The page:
Nature’s Poet Robert Burns was inspired by nature, writing ‘To A Mouse’ after disturbing one in her nest whilst ploughing.
Written in the November of 1785, using a similar style as ‘To a Louse’ or ‘To a Haggis’, the poet starts as a speaker talking to the mouse he has just disturbed whilst ploughing a field. Throughout the poem, the writing style and tone of language changes in a way associated with Burns and his incredible ability to adapt.
The mouse as his muse remains the focus and centre of thought throughout each stanza. He recognises this small life form with her needs for food and a safe, warm home. There is also a comparison to the fate of the mouse and that of man, as his mind wanders to think of the resemblance it has to mankind.
To A Mouse
On turning her up in her nest with the plough,
Wee, sleekit, cowran, tim’rous beastie,
O, what a panic’s in thy breastie!
Thou need na start awa sae hasty,
Wi bickering brattle!
I wad be laith to rin an chase thee,
Wi murdering pattle!
I’m truly sorry man’s dominion
Has broken Nature’s social union,
An justifies that ill opinion,
Which makes thee startle
At me, thy poor, earth-born companion,
An fellow mortal.
I doubt na, whyles, but thou may thieve;
What then? poor beastie, thou maun live!
A daimen icker in a thrave
’S a sma request;
I’ll get a blessin wi the lave,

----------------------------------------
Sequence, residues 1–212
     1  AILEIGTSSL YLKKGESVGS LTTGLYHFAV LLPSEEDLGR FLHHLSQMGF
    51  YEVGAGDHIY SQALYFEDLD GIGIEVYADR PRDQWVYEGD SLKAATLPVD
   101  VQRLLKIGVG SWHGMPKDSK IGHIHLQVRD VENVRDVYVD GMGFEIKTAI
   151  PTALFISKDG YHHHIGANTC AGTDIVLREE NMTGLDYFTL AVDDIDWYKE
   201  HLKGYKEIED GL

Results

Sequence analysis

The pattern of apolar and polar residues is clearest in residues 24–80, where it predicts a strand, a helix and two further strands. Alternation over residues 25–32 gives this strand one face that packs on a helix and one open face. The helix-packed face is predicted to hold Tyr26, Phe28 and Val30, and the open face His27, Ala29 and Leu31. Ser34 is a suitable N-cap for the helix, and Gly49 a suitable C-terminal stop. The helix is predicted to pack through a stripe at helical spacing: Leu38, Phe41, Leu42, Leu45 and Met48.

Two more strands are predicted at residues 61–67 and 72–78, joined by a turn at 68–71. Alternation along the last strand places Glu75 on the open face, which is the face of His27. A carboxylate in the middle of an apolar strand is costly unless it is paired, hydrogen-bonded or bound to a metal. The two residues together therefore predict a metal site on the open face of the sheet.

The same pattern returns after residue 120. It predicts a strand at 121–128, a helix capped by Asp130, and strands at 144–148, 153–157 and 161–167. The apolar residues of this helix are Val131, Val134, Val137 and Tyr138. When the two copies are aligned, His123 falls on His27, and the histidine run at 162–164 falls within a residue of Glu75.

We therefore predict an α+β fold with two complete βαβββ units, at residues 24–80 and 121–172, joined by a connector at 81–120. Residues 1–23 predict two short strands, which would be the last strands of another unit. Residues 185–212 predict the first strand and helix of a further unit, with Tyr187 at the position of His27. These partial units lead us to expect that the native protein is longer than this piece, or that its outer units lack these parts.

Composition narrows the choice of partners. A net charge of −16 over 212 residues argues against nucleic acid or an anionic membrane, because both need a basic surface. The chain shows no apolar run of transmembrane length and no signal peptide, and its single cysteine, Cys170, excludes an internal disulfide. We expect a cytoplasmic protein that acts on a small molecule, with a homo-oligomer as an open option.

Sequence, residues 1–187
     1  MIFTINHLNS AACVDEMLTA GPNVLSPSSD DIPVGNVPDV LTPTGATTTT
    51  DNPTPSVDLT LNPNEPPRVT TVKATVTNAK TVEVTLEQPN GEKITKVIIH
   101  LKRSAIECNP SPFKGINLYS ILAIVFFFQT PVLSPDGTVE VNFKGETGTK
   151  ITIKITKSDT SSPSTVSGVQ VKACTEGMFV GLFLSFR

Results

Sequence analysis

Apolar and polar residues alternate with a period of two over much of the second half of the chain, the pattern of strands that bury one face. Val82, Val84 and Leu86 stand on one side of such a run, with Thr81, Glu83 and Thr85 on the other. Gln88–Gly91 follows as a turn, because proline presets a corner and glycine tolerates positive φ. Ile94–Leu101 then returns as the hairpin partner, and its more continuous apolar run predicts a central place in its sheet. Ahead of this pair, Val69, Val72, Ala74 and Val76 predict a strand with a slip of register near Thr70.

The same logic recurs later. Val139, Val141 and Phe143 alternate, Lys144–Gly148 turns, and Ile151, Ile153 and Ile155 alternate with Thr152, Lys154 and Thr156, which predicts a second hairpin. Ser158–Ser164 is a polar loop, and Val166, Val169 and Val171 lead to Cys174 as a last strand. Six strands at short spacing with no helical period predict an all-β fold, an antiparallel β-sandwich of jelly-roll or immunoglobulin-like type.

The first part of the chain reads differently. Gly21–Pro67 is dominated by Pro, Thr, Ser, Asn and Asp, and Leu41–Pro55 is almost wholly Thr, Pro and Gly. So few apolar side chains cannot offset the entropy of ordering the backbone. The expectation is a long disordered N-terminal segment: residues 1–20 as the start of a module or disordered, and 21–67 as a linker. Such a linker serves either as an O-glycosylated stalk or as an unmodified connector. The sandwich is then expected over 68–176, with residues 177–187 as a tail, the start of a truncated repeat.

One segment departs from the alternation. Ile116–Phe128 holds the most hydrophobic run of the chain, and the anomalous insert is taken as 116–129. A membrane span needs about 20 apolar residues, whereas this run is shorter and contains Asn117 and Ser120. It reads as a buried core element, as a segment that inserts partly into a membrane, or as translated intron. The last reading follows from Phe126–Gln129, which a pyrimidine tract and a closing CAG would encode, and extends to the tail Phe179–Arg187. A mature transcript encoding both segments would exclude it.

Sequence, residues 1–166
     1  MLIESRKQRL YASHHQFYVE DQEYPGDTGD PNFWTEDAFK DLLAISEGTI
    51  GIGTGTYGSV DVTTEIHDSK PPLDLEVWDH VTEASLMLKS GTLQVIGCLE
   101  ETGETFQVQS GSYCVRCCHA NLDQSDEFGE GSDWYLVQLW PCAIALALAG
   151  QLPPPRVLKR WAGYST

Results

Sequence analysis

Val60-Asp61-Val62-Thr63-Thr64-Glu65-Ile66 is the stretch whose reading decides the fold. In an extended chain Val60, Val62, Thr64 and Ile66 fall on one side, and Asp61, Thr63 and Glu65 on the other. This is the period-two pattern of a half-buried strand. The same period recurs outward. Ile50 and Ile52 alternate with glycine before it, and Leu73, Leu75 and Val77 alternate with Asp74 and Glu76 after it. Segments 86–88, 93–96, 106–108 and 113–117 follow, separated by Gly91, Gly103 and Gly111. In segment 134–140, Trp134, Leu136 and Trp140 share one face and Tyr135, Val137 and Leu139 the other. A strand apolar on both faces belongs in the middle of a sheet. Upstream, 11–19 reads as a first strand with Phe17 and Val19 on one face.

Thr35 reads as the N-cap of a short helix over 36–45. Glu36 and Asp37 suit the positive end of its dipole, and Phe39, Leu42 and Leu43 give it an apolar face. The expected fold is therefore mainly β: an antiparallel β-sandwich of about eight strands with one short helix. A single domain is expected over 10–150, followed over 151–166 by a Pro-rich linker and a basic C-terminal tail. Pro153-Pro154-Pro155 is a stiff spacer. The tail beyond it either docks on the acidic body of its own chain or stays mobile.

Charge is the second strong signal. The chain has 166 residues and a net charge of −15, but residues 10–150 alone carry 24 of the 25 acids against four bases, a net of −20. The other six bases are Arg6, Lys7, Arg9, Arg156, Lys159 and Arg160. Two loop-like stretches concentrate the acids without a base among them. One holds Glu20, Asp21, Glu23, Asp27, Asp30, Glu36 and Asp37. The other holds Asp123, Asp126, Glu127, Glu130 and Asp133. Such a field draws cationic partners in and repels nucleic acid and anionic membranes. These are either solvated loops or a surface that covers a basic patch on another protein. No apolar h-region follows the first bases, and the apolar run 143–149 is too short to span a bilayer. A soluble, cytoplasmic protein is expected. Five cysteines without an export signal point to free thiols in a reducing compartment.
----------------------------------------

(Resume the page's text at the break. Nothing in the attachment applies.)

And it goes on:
An never miss’t!
Thy wee-bit housie, too, in ruin!
Its sill wa’s the wins are strewin!
An naething, now, to big a new ane,
O foggage green!
An bleak December’s win’s ensuin,
Baith snell an keen!
Thou saw the fields laid bare an wast,
An weary winter comin fast,
An cozie here, beneath the blast,
Thou thought to dwell,
Till crash! the cruel coulter past
Out throu thy cell.
That wee bit heap o leaves an stibble,
Has cost thee monie a weary nibble!
Now thou’s turn’d out, for a’ thy trouble,
But house or hald,
To thole the winter’s sleety dribble,
An cranreuch cauld!
But Mousie, thou art no thy lane,
In proving foresight may be vain:
The best-laid schemes o mice an men
Gang aft agley,
An lea’e us nought but grief an pain,
For promis’d joy!
Still, thou art blest, compar’d wi me!
The present only toucheth thee:
But Och! I backwards cast my e’e,
On prospects drear!
An forward, tho I canna see,
I guess an fear.
Some of Burns’ other famous work that were created from nature’s inspiration include The Wounded Hare and Red Red Rose. The walk between town and home during his years living at Ellisland Farm in Dumfries also resulted in Tam O’Shanter.